The Reverend Aker also wrote that "the spirit of cooperation was most impressive. The vendor would send down the two dogs—and nobody seemed to mind that 53 people just handled their lunch. Almost as if by return mail, the $20 bill was likewise passed hand-to-hand back to the vendor, change made and returned to the buyer. Talk about faith!"
MAKE UP, STAND UP AND CHEER
Sports fans show their true Colors by wearing them—not just on their sleeves, but on their pants and their shirts, and frequently even on their heads. Wearing a team's colors to a game is now such a widespread practice that the idea of tens of thousands of people dressed entirely in, say, red and white at the same time no longer seems completely bizarre. But, oddly, in the glittery 1980s, with both punks and hunks wearing makeup, the field of sports cosmetology has lagged far behind. Until now.
Bonne Bell Inc., a Lakewood, Ohio, cosmetics firm, is bringing this overlooked art form out of the Dark Ages with customized makeup kits called Team Colors. Now when fans of the Denver Broncos want to paint themselves orange or Ohio State cheerleaders want to draw those little buckeyes on their cheeks, they don't have to make do with plain old eye shadow. Bonne Bell is marketing sticks of zinc oxide, at $4.50 for a pack of three, color-matched to 21 football teams—12 of them in the NFL and 9 among the colleges. The cosmetics come in small bulletlike containers, much like lip balm, and feature GLO BRONCOS or GLO BUCKS on their labels. If the stuff sells—and right now Bonne Bell is targeting convenience stores and supermarkets, as well as college bookstores—the company plans to expand its line to other college and pro football teams and will probably move into pro basketball as well, which would bring a whole new meaning to the term "in your face."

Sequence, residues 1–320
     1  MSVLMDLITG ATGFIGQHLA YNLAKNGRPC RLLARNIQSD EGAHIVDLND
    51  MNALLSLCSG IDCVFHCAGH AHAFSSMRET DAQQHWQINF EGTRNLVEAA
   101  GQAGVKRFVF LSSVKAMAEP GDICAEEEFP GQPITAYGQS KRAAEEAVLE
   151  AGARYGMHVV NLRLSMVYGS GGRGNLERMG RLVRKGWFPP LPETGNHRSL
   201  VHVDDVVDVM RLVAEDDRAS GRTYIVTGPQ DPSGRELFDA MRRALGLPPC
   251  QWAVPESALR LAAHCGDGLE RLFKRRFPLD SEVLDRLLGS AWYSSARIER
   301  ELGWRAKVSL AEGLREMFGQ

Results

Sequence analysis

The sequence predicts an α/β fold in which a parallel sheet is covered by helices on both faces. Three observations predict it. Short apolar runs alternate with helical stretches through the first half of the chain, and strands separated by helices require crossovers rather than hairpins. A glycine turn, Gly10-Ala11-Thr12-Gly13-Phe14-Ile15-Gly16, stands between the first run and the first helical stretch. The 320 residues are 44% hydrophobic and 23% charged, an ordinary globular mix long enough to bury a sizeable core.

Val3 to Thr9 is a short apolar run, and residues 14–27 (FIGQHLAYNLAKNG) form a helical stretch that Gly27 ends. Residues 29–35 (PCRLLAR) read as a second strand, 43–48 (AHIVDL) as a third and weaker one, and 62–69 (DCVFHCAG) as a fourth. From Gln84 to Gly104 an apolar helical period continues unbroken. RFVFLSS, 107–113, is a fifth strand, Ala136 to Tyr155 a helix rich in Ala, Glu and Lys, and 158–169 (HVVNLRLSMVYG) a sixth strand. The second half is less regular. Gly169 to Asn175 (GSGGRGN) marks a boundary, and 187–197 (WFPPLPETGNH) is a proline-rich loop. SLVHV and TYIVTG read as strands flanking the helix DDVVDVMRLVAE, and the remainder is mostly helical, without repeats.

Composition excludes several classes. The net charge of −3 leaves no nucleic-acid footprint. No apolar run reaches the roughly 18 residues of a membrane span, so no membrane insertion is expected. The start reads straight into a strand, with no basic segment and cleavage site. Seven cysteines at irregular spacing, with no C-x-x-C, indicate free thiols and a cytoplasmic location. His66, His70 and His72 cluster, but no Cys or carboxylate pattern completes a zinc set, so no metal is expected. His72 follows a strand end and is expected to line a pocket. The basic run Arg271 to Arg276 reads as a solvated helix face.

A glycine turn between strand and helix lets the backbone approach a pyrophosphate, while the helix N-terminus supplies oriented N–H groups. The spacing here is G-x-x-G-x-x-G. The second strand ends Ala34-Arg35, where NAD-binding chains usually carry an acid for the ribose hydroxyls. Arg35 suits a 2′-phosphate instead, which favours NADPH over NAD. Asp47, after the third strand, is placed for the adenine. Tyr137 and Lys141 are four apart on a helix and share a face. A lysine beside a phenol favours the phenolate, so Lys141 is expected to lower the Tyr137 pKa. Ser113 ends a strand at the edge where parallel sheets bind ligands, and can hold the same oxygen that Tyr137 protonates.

Team Colors accounts for the ever-so-subtle differences between Sun Devil gold, Southern Cal gold and gold Redskin war paint. "We've matched every color, at great pains," says Bonne Bell product manager Buddy Bell. "We used the actual uniforms to choose the colors." Among the colleges approached so far, only the odd school, like Notre Dame and North Carolina, chose not to grant Bonne Bell licensing rights. That attitude shows either monochromatic thinking or just a commendable, old-fashioned yen for grease pencil, lipstick and tempera paint.